I find that these gentle pinkish shades can be difficult to use near red or orange – they can end up looking washed-out and feeble. On the other hand, a bright magenta – like rose campion (Lychnis coronaria) – works just fine and adds its own intense colour to the fieriness of the new border.

It feels good to now have an area specifically for hot colours. Last year I had some tithonia (Mexican sunflowers) in that space, and I found that I really enjoyed the intense colour. The tithonia is annual, so this year I’ve planted perennials instead.

(Although I grow a few annuals, at the moment I’m trying to concentrate on perennials so that I don’t have too much re-planting to do every year.)

The only problem with echinaceas is that they are short-lived perennials. I’ve read that the older pink varieties appear to go on from year to year because they self-seed and their offspring continue the display after the original plants have died. (It was something of a relief to discover this, because I was worried that I couldn’t keep the plants alive for long – some years they just seemed to disappear for no apparent reason.)

Some of the new echinaceas are said not to come true from seed and may die out after a few years. If that’s the case with those that I’ve planted here, then, because the colours are so gorgeous, I won’t mind buying more. (I’d like to plant yellow echinaceas too – they would be a good alternative to rudbekias because they’re much more tolerant of drought.)

In contrast to these brightly-coloured daisies, I also have an echinacea which has white flowers with centres that start off green and turn yellow. (If I remember correctly, it’s ‘Powwow White’.) It has a very different look to the hot-coloured flowers and suits a softer, more relaxing colour scheme. I photographed this particular flower when it froze last winter – you can see it here: https://annmackay.blog/2019/11/24/frozen-flowers/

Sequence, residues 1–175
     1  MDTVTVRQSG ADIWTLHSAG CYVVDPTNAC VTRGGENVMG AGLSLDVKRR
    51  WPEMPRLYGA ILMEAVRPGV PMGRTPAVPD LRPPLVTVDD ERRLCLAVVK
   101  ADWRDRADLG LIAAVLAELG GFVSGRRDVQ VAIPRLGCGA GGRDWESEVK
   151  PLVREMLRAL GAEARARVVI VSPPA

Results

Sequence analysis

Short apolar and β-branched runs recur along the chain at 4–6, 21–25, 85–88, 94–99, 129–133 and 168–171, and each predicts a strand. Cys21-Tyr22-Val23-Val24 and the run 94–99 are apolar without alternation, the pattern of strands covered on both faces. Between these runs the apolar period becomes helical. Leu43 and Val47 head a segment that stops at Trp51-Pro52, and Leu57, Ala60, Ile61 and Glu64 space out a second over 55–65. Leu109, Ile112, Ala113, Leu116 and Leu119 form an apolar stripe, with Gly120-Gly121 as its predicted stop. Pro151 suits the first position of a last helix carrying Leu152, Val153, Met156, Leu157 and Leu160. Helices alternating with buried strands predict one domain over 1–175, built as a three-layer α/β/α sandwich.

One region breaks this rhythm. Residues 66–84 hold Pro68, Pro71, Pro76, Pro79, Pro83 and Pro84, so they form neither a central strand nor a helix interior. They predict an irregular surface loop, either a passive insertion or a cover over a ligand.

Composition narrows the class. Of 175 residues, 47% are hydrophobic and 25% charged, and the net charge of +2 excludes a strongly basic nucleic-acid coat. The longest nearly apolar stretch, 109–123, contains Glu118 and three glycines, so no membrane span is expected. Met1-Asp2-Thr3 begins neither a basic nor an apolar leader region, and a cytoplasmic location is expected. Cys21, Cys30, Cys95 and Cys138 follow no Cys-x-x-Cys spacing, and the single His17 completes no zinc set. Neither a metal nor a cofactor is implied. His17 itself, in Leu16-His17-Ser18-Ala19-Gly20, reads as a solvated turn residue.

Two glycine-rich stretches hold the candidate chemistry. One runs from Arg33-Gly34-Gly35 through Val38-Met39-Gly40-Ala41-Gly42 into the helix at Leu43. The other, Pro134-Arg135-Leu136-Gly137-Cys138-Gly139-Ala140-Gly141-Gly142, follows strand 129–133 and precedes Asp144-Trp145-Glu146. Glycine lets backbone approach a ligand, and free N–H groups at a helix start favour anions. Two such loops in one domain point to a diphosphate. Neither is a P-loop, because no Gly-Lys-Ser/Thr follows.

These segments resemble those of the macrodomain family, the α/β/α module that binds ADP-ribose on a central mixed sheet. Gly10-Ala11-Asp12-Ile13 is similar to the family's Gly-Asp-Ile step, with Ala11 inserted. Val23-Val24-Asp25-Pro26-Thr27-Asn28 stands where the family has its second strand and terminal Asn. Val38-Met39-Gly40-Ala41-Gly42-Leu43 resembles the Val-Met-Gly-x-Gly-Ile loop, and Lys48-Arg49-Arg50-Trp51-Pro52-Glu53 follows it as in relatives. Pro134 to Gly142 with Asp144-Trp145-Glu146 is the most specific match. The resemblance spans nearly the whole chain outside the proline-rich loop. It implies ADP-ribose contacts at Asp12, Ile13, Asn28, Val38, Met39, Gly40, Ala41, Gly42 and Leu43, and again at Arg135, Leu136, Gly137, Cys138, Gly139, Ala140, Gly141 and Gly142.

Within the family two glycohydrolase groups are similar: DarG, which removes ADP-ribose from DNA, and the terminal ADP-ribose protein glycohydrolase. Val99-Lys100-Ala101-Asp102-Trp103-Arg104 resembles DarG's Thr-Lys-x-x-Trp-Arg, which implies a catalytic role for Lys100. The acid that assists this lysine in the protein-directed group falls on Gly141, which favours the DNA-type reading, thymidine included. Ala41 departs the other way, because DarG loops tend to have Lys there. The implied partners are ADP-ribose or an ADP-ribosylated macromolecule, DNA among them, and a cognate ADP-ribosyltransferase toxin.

Pink and orange echinacea flowers.
Echinacea flowers in a mix of orange and magenta-pink.

Purple Passion(flower)

These passionflower photographs are the result of an afternoon spent playing with a stem of the plant in my studio.

I photographed the flower and leaves to show their translucence. This makes the tiny veins in the petals and leaves stand out and gives a very crisp, sharp look to the photograph.

The colour changes a bit too. When seen under normal lighting (i.e. lit from the front or above), this passionflower is a soft pinky-purple. Here, though, the light from behind has bleached out the petal colours considerably and you can see more pink and red tones rather than the normal purple.

My setup for photographing flowers against a white background is fairly straightforward. I use a mini ‘shooting table’. Basically this is a sheet of translucent perspex on a metal frame. It’s bent into an ‘L’ shape (seen side-on). That gives both a background and a base for the photograph.

Because the shooting-table is translucent, you can shine studio lights through it. This gives a bright white background.

If you set the light levels so that there is a lot of light coming from behind the flower (in comparison to the light coming from the front), then you’ll get the maximum amount of detail in the veins of the petals.

To light the flowers from the front, I usually use two large studio flashes (strobes). One of these is fitted with a large, square softbox, which gives a very soft and even light. But the size of the softbox is more than a little awkward in my very small studio space!

The other light is fitted with a white (translucent) shoot-through brolly. The light from this is not as soft as that from the softbox, so it introduces a bit more shadow. This gives a bit more depth and modelling to the photograph.

If I want to have stronger shadows and a more dramatic feel to the image, I’ll use just the light with the brolly and leave out the light with the softbox. A reflector opposite the light is enough to put just a little light into the shadows.